Every year, thousands of poachers are arrested nationwide; however, it is estimated that only 1 to 5 percent of poachers are caught. Poachers kill wildlife anytime, anywhere and sometimes do so in particularly cruel ways.
A radio-collared female gray wolf was found dead in Colorado after her GPS tracking collar emitted a mortality signal. Toxicology reports performed at the National Fish and Wildlife Forensic Laboratory revealed that she was killed by ingesting poison.
The body of a mutilated alligator was discovered in the Flint River, Georgia. The alligator’s tail had been cut off.
A bald eagle with a broken wing was found near Wise, North Carolina. The bird had been shot and was treated by a veterinarian, but later died from the injuries.
The Humane Society Wildlife Land Trust and its parent organization, The HSUS, have offered more than $100,000 in rewards for the arrest and conviction of poachers. Poaching, the illegal hunting and killing of animals, results in the death of tens of millions of animals every year, a number equal to all legal hunting combined, according to estimates of wildlife officials.
Rewards have been offered in cases involving many different wild animals, from mule deer and elk to bald eagles and bobcats. These rewards not only encourage people to give information to wildlife officials, they also raise awareness of this wide-spread illegal activity through the use of press releases.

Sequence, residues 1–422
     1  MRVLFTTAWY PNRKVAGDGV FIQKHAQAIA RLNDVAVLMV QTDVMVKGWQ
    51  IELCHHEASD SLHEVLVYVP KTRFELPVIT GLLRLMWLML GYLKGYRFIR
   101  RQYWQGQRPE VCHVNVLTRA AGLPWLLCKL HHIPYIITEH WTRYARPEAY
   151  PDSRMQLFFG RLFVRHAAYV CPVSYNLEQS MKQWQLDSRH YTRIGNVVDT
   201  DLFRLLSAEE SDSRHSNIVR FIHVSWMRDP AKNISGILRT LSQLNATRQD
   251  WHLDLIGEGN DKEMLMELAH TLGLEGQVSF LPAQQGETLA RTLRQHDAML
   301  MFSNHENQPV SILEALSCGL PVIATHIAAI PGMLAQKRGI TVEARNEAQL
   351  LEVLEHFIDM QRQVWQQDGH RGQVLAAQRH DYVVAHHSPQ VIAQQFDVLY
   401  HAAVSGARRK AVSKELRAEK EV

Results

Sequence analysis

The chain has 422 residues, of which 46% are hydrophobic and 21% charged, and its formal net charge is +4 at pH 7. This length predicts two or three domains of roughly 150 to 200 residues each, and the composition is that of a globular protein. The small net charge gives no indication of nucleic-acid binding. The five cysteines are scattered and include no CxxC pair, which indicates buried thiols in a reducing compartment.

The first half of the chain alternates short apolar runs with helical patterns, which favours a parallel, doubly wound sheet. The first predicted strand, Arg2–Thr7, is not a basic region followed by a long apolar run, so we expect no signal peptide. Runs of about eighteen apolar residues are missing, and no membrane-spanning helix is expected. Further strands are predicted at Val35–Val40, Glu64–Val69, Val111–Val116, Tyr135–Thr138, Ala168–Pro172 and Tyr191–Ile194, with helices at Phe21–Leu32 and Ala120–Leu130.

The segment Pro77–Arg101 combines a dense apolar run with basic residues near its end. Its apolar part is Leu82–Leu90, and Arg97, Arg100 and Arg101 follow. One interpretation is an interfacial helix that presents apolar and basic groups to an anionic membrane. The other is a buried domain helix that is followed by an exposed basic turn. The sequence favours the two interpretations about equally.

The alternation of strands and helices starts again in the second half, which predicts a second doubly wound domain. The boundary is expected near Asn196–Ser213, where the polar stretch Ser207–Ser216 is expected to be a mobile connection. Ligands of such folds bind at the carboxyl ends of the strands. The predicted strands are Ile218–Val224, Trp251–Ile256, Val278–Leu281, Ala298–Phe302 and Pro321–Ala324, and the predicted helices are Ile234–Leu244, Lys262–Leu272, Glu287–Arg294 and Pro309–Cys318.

What You Can Do
With very limited resources and acres upon acres of land to cover, wildlife officials need the help of caring, compassionate outdoorsmen. Wildlife belongs to all people, but poachers step into America's wild backyard set to exploit animals with the knowledge that they probably will not be caught.
But by state wildlife agencies sharing information on poachers and citizens taking our role as stewards of wildlife seriously, we can stop these killers.
- Equip yourself with knowledge. Headed out to go hiking or bird-watching? Know your state's wildlife regulations and hunting seasons so you can readily identify violations.
- If you see suspicious activity, don't try to confront the individual. First, get a description of the poacher, the vehicle, and surrounding area.
- Second, call your state wildlife enforcement department immediately. Timeliness is necessary to catch poachers.
To contribute to this and other HSWLT programs, donate here.